Category: Aging and (Im)mortality

Are We Programmed to Get Cancer?

When my son was in kindergarten, he somehow talked us into getting him two rats as pets. It’s not as bad as it sounds. Rats, apart from their unattractive tail, make great pets. Very friendly, intelligent, and clean. Although I did take offense to the fact that they insisted on cleaning themselves for five minutes each time after being touched by humans…

They eventually got old (2 to 3 years old), and succumbed to cancer, as they often do.

They got old… and got cancer…

That doesn’t sound odd unless you step back and ask, why did they get cancer when they were only 2 or 3 years old? And why do “old” dogs get cancer when they get to be 7 or 8 years old? We humans don’t get cancer, for the most part, until we are in our 50s, 60s, or older. Why is it that we don’t usually get cancer when we are 2 or 3 or 8 years old, but animals with shorter lifespans do?

This exposes a critical flaw in the current thinking about etiology of cancer. The current thinking is that after a certain number of cell divisions, and after a certain length of time, our cells accumulate too many mutations and then we get cancer.

That theory is demonstrably, and patently wrong. If that theory were correct, rats would never get cancer. But they get cancer quite often when they’re more than couple of years old.

And if that theory were correct, then large animals should get cancer a lot more frequently than small ones, because the cells have to divide so many more times in order to create a larger animal. This paradox is called Peto’s paradox. There are some efforts to rationalize away this paradox, such as arguments that large animals have increased number of tumor suppressor genes, but that just begs the question: why don’t small animals evolve more tumor suppressor genes themselves to live longer, or why don’t all animals evolved enough tumor suppressor genes to never get cancer?

More fatal to the theory is the fact that some animals don’t get cancer, or almost never get cancer. Naked mole rats for example. Horses and other related species for another (except non-metastatic melanomas). Maybe even lobsters.

So what’s the alternative explanation? The most logical explanation is that cancer arises when animals get biologically old. Species that don’t age or age very slowly, like the naked mole rats and lobsters, seem to have very low rates of cancer. In other words, cancer is programmed into our biological clock. When we’re biologically young, we suppress tumors. When we get older, the brakes come off. This is in line with my previous post about how aging is probably programmed. It is also in line with recently findings that we have cancer causing mutations all over our skin (and probably throughout the body), that don’t cause cancer until something else allows cancer to emerge. It’s becoming clear that cancer is not really caused solely by mutations–there are other required factors that must exist before the tumorigenic mutations can cause cancer.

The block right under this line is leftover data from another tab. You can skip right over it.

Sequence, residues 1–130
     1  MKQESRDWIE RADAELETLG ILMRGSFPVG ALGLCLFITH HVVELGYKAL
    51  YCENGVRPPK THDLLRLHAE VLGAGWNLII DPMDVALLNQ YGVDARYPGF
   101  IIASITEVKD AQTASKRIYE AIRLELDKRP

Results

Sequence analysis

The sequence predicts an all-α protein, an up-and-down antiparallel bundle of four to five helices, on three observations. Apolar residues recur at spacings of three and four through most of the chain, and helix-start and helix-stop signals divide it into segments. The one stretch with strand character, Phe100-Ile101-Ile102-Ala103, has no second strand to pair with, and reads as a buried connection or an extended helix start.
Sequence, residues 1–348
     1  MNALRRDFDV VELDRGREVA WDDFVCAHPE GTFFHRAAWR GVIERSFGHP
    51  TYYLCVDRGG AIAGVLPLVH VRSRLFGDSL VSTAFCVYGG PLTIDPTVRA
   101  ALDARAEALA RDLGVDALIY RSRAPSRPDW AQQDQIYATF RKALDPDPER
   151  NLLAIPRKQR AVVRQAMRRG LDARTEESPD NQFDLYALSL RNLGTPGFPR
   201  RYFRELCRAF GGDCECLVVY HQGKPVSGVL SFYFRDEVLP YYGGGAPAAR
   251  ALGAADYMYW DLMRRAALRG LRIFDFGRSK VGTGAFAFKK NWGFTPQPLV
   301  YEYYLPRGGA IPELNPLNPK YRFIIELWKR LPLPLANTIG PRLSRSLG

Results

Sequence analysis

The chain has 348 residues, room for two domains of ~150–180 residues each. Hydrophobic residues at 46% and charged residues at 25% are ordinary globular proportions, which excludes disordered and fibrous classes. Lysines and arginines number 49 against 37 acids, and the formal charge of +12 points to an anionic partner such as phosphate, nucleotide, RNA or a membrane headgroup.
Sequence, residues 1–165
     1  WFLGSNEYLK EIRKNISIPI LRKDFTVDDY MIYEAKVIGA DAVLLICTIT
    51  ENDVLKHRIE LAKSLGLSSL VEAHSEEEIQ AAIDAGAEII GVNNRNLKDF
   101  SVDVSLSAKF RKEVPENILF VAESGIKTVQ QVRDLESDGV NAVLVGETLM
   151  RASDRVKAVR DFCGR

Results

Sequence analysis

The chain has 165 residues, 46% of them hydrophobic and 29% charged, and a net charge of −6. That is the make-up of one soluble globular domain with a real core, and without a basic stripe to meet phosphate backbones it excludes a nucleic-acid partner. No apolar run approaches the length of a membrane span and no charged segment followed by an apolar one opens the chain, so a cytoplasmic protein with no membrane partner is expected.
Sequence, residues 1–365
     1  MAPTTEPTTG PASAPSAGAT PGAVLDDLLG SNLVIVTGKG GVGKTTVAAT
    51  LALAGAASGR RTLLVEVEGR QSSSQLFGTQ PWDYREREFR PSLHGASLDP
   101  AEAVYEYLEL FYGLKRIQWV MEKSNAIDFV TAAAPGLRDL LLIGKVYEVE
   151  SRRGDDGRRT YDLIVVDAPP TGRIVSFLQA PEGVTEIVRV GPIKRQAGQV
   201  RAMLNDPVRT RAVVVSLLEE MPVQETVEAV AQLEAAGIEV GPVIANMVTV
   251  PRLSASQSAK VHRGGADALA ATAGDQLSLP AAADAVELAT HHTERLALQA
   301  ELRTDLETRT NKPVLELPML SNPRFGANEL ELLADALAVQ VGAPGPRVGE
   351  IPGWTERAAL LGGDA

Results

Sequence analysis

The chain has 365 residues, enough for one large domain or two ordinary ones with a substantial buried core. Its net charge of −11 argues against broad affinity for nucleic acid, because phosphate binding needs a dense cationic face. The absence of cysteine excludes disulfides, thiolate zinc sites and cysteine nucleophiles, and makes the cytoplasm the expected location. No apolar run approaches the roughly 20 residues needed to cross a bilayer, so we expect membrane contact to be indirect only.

If true, then this theory has important implications. It means that we should be able to prevent cancer very effectively, if we can decipher what is the molecular clock that governs aging.

Will We Cure Diabetes, Heart Disease, and Alzheimer’s Disease One Day?

FDA, in 2008, did something that many people thought was preposterous. They began requiring companies to prove that diabetes drugs they developed did not kill people. Actually, to be more specific, they required the companies to prove that the risk of dying on the drug was not more than 1.8X higher than not being on the drug.

This caused an uproar. To prove such a ridiculous thing, some companies howled, would Continue reading “Will We Cure Diabetes, Heart Disease, and Alzheimer’s Disease One Day?”

Why Do We Age? Because of Parasites. Or, the Red King Theory

So there’s this paper I’ve been trying to get published for a little while. It lays out my hypothesis for why we age. You can see the preprint here on the bioRxiv server. The journal editors really don’t seem to like it, probably because it is completely against the grain of current thinking, although a handful of people who have seen it on bioRxiv seem to like it quite a bit.

In the past, I had never been that interested in aging, because I get depressed when I think about degenerative diseases. I think it comes from when I was training as a doctor and I would see patient after patient with hypertension, diabetes, and heart disease. The older doctors taught me that our job was not to cure these patients–that was impossible–but to slow down the inevitable progression of these diseases. I didn’t like that. I like to fix people, I like to fix problems, I like to fix companies.

But my interest was piqued when I read a review article in Science couple of years ago that declared that it was just a matter of time before we could reverse aging. Continue reading “Why Do We Age? Because of Parasites. Or, the Red King Theory”